I had a breakdown day 4. I seriously had a panic attack in front of everyone, and it was because of a series of events that caused it to happen. Me, being there, getting my certification and learning all the new information was completely overwhelming, exhausting, and I was completely ecstatic that I was able to do this. Then, realizing that I have done a lot of work with my boy, Napoleon. But, he won’t be as calm as I want him to be. He’s just not that type of dog. Which made me sad and made me feel like I failed. Then, I felt guilty because I felt he didn’t make enough progress and that I needed a different dog. Which isn’t the case. He’s my furbaby, and I love him, and I’m not the type of person to give up my animals. I had to realize that he’ll never be a super calm dog. Then, I had the sting of pain as a reminder that the decision to put down Ryder was first discussed right before the Difficult Dog workshop at this facility. Which, in turn reminded me of putting him to sleep. And how I couldn’t fix him. 2 very reputable trainers have told me they would have made the same decision. That’s comforting, but at the same time, it still brings pain because of the decision the family and I had to make. I know I can’t keep reliving it, I can’t dwell on it, and I have to get over it. And I am, in my own time. Just… I have never put a dog to sleep before, much less someone else’s dog. As much as I want to say he wasn’t my dog, he had a special place in my heart, and that can’t be replaced. It will mend with time. The experience I had this week brought this to the surface and I had to face it. Then, at our Saturday Social, I saw another dog who looks just like Ryder. He is a little taller and has a bit more weight on him, but same color, and same problems. He was adopted the day before he was put to sleep. It was luck, and his owner is the right owner for him. This doesn’t happen all the time, and I have to realize that. I don’t want to say I’m ‘stuck’ in these thoughts, but it is taking quite a while to ‘get over it’.
My therapist says it will take as long as it takes. Which is true, but I wish it would hurry along. I’m not angry anymore. I don’t blame myself or anyone else. I just miss him. It’s all just missing him. I miss having a great dane at my place, and I miss his dopey, cute face. I don’t miss his attitude, but I do miss working with him. I had a very strong bond with this dog, so for me – it’s just getting over that he’s not coming back. It’s not even about the decision anymore. I know it was right, and I’m at peace with that. Just sometimes, I’m overwhelmed with how much I miss him. I will get better at this, and I’ll get over it. Doesn’t make it any less sad, but I have to move on. Everyone is right – this can’t rule my life, and I can’t keep reliving it.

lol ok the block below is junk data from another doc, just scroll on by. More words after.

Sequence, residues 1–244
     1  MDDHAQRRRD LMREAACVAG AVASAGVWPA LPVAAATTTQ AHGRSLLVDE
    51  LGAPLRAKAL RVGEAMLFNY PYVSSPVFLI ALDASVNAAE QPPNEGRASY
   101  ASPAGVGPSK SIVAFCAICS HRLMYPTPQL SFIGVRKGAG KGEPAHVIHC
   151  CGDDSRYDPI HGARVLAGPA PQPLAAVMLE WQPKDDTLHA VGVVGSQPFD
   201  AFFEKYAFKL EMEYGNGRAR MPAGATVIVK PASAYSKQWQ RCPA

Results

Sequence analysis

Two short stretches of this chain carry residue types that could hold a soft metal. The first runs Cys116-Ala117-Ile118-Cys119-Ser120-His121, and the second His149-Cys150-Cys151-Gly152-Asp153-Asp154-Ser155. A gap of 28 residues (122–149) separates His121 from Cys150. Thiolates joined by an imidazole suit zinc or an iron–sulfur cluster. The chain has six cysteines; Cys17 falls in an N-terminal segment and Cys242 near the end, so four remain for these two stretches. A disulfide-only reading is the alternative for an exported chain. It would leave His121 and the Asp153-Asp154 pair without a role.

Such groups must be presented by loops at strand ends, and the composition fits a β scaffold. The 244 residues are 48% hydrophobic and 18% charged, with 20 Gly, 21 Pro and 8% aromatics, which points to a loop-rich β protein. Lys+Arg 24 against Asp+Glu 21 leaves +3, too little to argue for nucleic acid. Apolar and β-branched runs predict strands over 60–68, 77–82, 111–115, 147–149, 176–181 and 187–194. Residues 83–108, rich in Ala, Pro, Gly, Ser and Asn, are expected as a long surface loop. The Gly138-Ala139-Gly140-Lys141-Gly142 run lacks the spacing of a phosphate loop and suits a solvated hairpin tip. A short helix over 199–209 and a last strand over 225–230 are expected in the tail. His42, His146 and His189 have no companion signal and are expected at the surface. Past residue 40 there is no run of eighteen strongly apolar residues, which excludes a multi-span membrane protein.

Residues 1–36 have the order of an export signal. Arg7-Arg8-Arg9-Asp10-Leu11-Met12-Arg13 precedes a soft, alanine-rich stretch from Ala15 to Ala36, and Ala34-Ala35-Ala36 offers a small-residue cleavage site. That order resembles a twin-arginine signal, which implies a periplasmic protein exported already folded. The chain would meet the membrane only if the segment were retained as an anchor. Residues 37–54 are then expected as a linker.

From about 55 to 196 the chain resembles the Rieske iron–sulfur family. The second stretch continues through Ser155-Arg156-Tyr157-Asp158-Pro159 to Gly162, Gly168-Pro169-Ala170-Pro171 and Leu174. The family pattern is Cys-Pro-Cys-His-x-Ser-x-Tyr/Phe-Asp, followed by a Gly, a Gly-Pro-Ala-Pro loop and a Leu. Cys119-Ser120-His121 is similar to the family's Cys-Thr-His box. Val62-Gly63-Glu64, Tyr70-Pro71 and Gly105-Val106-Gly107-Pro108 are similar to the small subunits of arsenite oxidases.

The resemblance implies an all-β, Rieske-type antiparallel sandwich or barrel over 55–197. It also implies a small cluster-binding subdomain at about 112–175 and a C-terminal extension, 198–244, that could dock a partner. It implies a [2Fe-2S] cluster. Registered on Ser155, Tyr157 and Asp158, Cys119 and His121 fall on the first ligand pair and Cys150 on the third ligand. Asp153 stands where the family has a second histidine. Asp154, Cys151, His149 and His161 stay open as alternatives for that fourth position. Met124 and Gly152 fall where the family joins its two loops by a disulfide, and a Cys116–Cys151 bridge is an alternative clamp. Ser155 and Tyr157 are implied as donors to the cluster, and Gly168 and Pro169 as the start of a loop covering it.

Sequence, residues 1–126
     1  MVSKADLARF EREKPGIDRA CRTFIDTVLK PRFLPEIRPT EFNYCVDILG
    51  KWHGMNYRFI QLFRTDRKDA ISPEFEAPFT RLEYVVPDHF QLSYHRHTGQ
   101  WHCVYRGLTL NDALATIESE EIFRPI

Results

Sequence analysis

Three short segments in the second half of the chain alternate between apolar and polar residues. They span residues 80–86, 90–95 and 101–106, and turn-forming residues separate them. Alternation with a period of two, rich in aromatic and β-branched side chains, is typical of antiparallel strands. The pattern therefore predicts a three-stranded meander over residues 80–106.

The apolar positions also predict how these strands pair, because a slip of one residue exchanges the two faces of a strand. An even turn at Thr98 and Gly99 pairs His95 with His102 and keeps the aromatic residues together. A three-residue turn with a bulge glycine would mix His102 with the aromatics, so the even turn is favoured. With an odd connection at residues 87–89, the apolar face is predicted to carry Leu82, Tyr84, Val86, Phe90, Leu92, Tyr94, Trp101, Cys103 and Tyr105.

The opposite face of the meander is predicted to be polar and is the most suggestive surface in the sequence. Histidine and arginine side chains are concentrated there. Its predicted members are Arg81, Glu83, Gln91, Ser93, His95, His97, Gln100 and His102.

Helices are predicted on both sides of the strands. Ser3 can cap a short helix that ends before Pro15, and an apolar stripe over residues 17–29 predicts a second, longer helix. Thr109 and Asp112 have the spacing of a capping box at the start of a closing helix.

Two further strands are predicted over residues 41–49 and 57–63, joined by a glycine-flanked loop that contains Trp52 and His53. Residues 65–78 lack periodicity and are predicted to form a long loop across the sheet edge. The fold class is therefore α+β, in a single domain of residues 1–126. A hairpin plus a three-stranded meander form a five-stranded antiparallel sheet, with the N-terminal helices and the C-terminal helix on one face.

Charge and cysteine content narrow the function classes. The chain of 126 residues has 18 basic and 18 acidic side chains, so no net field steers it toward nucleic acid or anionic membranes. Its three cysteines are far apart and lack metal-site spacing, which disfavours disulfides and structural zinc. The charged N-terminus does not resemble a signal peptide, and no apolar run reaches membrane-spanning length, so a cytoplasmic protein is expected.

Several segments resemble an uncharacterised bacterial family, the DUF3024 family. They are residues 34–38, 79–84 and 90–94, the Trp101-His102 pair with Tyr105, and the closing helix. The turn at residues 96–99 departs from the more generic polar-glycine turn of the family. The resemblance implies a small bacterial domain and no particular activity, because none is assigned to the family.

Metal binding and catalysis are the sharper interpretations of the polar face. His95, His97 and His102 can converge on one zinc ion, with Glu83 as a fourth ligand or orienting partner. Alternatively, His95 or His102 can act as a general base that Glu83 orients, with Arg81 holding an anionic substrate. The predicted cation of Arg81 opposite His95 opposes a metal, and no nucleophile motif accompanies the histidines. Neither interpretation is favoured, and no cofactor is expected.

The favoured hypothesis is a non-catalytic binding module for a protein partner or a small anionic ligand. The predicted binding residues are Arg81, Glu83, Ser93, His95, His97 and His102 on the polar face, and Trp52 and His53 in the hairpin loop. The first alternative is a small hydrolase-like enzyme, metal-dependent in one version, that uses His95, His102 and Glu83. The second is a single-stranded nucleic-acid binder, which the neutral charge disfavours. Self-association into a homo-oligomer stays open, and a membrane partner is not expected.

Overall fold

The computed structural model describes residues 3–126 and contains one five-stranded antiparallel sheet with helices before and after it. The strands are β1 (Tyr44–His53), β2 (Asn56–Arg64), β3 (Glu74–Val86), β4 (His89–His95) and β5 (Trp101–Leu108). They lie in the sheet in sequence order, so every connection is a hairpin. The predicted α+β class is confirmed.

This side of me – you won’t see this when I’m training or when I’m being professional. I can ‘turn off’ my feelings and be professional. I talk about this in my blog because it helps me, and I hope it helps other people as well. I will tell my friends who want to know how I’m doing, my family, and people who I feel comfortable enough with to actually talk about it.
I haven’t broke down in public in YEARS. As embarrassing as it was, I had wonderful people around me, and everyone understood. They helped me talk about it, and express how I was feeling without feeling like I was completely vulnerable. I felt safe.
Anyway, on a happier note…
I got my certification! I did it! And I’m a fully fledged dog trainer now! I have to thank K9 Lifeline and their staff, Wasatch Canine Camp, my family and friends, and everyone who gives me support every day. Everyone who reads my blog and makes encouraging comments as well. You people give me the strength to keep going.
As hard as it was, I returned to my day job this week, and realized I am changing my life so I can do what I love. I think about dogs all day, about my technique and how I can improve it, and I can’t wait to go home and practice on my own dog, so I can have even more confidence when I work with client’s dogs. I look forward to the end of every single work day so that I can work with dogs. I’m now offering board and train options, which I am super excited about, as I am confident I know what I’m doing now. I can always make improvements, and I’ll continue to go to workshops, seminars, and learn new techniques to add to my tool belt.
Now, I just have to focus on advertising to get more clients for when I make the final jump.
I DID IT!!